Director: Kitty Green
Writer: Kitty Green
Cast: Julia Garner, Matthew Macfadyen, Noah Robbins, Jon Orsini
Streaming on: BookMyShow Stream
Two years after the first Harvey Weinstein story triggered a worldwide movement against high-profile sex offenders, Kitty Green’s The Assistant took the American film festival circuit by storm. The film reveals a day in the life of a junior assistant at a film production company in New York. Barely five weeks into her career, the girl already looks pale. A glorified janitor and reluctant conspirator, she’s the only female assistant to a Weinstein-styled movie mogul, an unnamed man whose sinister presence pervades every corner of the office. We never see him, but we hear his rage. Through her, the film examines a well-oiled machine of complicity built solely to enable a culture of systemic workspace abuse and sexual harassment. Private couches are scrubbed, hotel rooms are booked, a wife’s calls are evaded, “personal” interviews with aspiring actresses are scheduled, and eyes are diverted. The girl seems to have discovered that her job involves assisting with the demise of the dreams and souls of countless young women. She wears the guilt-ridden look of an officer who is paid to guide innocent prisoners into the gallows.
Back in early 2020, The Assistant was hailed as the first definitive #MeToo film. The label can be a bit reductive. A MeToo drama is designed as a statement, a narrative of conflict and comeuppance, like Promising Young Woman. But The Assistant is constructed as more of an answer – a composed answer to the self-explanatory questions asking how the Weinsteins of this world thrived and hunted for decades, a rational answer to the questions aimed at the silence of the victims and survivors, and a deadpan answer to all the impassioned probes into the politics of power. The answer is not easy to hear. It should never be. Writer-director Kitty Green invents a new and necessary visual language – she films fear. One can actually see and touch the tension and claustrophobia in every frame. The mundane chatter of a workspace acquires the lingering edge of a horror movie score. Oppression adopts the dryness of a routine. The air in the office looks toxic, and yet the only time the girl takes an outdoor breather on a snowy afternoon, she chooses to fill her lungs with smoke. It’s a fleeting image – she quietly puffs on a cigarette before heading back inside – but you sense that this is a new habit. It’s probably five weeks old.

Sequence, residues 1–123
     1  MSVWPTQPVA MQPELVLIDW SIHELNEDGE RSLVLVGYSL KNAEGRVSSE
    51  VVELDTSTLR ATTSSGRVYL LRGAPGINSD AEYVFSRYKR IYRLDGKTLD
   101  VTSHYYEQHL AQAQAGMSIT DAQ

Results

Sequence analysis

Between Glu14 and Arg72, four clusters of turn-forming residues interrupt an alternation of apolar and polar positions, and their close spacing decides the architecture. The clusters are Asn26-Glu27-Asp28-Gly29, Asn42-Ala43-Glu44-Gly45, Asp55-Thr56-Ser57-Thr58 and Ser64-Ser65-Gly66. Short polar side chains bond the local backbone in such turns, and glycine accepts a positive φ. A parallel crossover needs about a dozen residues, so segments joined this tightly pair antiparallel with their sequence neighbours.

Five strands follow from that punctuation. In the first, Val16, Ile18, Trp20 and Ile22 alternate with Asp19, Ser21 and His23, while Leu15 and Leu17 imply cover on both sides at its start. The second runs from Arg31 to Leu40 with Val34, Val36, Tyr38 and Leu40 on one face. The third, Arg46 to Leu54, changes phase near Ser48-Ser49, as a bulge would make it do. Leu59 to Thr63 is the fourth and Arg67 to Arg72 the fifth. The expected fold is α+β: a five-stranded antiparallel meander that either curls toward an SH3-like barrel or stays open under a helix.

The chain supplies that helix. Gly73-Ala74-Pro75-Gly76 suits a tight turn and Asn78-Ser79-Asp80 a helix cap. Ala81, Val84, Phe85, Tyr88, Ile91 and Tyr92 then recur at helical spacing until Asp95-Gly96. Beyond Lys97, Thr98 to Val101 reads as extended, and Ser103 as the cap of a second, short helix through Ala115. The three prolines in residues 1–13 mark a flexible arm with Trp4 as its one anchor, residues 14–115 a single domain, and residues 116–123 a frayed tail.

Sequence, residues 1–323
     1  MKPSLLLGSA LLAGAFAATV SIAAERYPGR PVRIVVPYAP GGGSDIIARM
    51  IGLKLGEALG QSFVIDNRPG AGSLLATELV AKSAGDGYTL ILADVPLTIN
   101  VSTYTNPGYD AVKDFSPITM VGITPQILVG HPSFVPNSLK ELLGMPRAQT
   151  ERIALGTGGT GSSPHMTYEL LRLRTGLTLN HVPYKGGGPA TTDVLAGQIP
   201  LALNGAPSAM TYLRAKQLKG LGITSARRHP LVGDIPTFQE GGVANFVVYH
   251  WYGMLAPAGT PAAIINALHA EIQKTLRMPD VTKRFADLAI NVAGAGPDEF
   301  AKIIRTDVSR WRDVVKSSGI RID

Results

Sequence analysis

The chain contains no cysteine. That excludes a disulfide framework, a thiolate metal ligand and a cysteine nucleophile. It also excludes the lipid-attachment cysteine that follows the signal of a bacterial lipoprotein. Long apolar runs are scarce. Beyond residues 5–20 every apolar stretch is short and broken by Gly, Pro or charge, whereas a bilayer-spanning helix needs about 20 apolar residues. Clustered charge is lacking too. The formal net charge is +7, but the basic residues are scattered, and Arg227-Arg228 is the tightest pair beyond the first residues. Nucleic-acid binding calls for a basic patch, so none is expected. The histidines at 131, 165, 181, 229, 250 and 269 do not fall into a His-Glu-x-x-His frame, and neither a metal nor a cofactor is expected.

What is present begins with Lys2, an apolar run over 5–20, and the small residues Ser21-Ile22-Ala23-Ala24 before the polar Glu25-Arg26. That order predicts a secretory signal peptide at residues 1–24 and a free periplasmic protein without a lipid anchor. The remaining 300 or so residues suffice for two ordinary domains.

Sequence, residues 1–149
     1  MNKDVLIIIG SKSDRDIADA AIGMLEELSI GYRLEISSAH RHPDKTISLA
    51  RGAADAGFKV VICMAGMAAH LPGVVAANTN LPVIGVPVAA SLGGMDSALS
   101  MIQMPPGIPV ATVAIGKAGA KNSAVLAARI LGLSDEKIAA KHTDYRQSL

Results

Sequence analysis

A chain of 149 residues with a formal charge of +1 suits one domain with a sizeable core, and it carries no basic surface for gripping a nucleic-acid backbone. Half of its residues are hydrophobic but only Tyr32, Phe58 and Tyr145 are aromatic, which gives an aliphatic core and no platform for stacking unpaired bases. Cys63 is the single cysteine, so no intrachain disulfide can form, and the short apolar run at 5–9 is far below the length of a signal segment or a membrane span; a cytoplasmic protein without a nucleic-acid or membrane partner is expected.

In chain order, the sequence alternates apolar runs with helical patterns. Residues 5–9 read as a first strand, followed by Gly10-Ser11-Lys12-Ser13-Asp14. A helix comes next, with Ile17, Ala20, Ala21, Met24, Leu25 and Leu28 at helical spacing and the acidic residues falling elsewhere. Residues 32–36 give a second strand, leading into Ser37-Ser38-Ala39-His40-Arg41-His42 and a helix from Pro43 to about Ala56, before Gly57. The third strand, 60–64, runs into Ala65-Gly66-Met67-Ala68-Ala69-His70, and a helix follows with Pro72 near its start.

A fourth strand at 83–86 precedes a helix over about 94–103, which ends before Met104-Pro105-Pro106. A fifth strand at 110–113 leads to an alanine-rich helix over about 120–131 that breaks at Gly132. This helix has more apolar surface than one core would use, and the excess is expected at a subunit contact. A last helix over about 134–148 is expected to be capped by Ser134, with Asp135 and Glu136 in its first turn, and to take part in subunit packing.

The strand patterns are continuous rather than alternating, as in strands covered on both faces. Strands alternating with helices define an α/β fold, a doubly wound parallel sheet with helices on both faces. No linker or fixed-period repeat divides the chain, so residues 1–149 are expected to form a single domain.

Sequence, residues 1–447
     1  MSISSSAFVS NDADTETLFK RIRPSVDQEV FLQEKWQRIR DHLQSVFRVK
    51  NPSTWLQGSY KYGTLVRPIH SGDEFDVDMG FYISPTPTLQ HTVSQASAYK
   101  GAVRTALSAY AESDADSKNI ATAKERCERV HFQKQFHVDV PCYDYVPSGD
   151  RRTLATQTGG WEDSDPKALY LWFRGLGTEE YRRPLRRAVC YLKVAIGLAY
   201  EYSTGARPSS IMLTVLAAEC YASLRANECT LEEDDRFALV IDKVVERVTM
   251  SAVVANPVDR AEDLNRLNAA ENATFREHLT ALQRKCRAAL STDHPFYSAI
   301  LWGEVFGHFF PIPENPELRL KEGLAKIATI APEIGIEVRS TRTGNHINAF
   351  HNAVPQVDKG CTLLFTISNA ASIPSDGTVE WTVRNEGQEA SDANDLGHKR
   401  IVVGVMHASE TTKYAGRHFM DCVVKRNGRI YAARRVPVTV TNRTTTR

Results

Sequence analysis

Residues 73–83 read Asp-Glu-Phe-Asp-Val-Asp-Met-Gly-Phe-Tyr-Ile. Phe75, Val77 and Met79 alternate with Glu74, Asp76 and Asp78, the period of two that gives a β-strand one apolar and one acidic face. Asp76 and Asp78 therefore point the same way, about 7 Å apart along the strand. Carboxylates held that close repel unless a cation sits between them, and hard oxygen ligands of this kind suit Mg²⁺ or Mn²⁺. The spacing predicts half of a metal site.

So much of The Assistant’s muffled mayhem relies on Julia Garner. Miles away from her mouthy Emmy-winning role in Ozark, Garner here looks like a mute tragedy in progress. The camera is unsparing, burning a hole in her back when she’s not looking while simultaneously willing her to stop looking. Garner does a terrific job of reflecting the shame of a million faceless dreamers on her movie-screen of a face. She is the reason we notice the little details of a character whose identity is incidental. Her name is Jane, as in “Plain Jane,” in stark contrast to the glamorous young ladies she ushers into his cabin. She is the first to arrive and the last to leave, her early twenties engulfed by the gloom of a difficult future. An early scene shows Jane using a ‘Big Hug’ coffee mug in the sterile office kitchen – hers is the only personalized cup of the lot, a metaphor that mirrors her conscience in how she becomes the only employee who considers filing an HR complaint. Her quick breakfast is Froot Loops, a symbol of the colour and innocence getting eroded by the day. Her furtive glances towards the other females in her environment become a secret language – she hopes to see some sign, any sign, of a scream piercing through the poisonous haze.
Most of all, we sense this girl’s headspace when she stares at the windows of corporate Manhattan – pieces of glass fitted into brick walls – while passing by. She is starting to understand that there are stories in there that count on never getting told. And that her story is now inextricably linked to them. Hers is no more a little-girl-in-big-city cautionary tale. Hers is not a girl-in-male-dominated-field redemption tale. In fact, hers is not a tale at all. We might want to believe that she stops by the New York Times or New Yorker offices on her way home. We might want to believe she is the spark that ignites a cultural moment. But the truth is she comes back into the office at dawn and writes another apology to her boss. The truth is that Jane has sacrificed her planeness for a crack at a girl-boss legacy. The truth is that she occupies both the pre-MeToo era as well as the post-MeToo one. And the damning truth is that The Assistant is an accumulation of time, not an indictment of it.